Giants such as Uber and Booking.com have moved towards outcome-based business models as part of its digital transformation plans. Rich Logan, digital strategist of MMT, argues for others to follow suit
Guest Post: How can the travel industry take off with digital transformation?
It has been a good couple of decades since travel brands began to ride the dot-com wave of the early Noughties, shifting customers online as high-street agents took a hit.
The debate over where travel companies’ ‘shop front’ should sit - in town centres or high up on search engines - has raged ever since. But what’s going on digitally behind the scenes?
It’s fair to say the sector has complex digital needs. There are many moving parts to a package holiday or bespoke trip; that doesn’t even factor in the specialist corporate sector. Each customer journey has very distinct stages, from research and booking, to pre-trip admin and inspiration; the trip and stay; and post-travel opportunities to contact the customer, gather feedback and make offers.
Against this complex backdrop, travel companies can be uncertain about how to drive clear value for the brand’s customers. To solve this problem, it can be best to think about the end of the journey first.
Travel brands add jet power with outcomes-based thinking
From transportation and accommodation providers to agencies and tourism services the travel industry is vast. But for many customers these services and products are often siloed. Equally, putting together an ideal package can be arduous, time consuming and expensive.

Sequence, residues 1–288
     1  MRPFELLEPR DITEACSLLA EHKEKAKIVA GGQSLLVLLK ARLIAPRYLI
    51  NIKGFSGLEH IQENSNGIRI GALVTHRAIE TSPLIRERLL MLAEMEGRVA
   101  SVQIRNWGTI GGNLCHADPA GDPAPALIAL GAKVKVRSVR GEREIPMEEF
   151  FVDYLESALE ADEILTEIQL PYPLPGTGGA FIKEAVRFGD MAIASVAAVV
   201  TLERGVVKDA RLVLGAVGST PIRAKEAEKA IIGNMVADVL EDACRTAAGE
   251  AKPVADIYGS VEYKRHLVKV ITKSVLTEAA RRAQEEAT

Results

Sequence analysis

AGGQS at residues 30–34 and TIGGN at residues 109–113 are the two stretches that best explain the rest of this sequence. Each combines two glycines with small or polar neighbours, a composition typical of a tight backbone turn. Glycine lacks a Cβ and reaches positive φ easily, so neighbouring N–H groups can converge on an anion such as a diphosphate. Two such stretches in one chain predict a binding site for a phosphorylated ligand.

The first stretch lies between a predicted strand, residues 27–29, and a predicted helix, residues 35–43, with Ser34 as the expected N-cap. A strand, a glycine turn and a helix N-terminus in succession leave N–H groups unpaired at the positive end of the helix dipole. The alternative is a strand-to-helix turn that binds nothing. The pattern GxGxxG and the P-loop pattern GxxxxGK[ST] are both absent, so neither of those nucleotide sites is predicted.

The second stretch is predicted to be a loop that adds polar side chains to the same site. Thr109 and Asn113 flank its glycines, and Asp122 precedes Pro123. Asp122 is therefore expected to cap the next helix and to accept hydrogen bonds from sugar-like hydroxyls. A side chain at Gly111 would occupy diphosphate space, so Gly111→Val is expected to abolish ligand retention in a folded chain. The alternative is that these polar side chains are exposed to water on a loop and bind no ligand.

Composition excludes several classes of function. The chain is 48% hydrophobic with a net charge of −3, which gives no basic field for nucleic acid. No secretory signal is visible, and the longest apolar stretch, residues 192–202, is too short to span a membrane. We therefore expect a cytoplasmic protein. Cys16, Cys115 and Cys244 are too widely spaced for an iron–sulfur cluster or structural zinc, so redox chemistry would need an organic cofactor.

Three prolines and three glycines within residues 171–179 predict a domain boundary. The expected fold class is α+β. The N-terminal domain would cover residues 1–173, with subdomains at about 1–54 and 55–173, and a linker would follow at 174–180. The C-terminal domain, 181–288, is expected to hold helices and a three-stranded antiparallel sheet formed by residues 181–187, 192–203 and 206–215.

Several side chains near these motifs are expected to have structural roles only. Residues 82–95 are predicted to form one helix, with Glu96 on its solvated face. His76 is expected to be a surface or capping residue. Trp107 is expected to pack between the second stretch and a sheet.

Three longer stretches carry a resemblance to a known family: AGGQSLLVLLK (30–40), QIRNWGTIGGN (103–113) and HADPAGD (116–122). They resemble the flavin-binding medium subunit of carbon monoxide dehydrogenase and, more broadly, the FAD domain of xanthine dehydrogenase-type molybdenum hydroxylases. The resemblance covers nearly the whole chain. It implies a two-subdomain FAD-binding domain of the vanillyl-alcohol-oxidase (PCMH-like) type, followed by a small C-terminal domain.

Thinking about additional services, providing ancillary products or improving certain delivery aspects like websites, deploying landing pages and a friendly UX can seem daunting and perhaps not worth the effort. But we all know customers are looking for more than just a simple product or service. They want a personalised and seamless experience that meets their unique needs and preferences.
Companies can thrive if they develop and implement a fully-fledged Outcome-based Business Model (OBM) as part of their digital transformation strategy. This is fairly new terminology, but is set to be a big deal across the commercial world.
OBM is a framework that focuses on desired outcomes, rather than specific outputs. It is an approach that aligns an organisation's strategic goals and is focused on delivering value to the end user. It helps businesses prioritise what they do, when, and how.
This aspect of digital transformation means having a different mindset. When tech hums along mopping up mundane tasks, we can turn our attention to answering higher-purpose, outcome-focused questions about the business model, including:
- What do you really want to achieve as an organisation?
- How do you want customers to feel, rather than fretting about what you want them to do?
- Can technology underpin better customer relationships?
- In an ideal world, what would your business be famous for?
Booking.com and Uber join the OBM bandwagon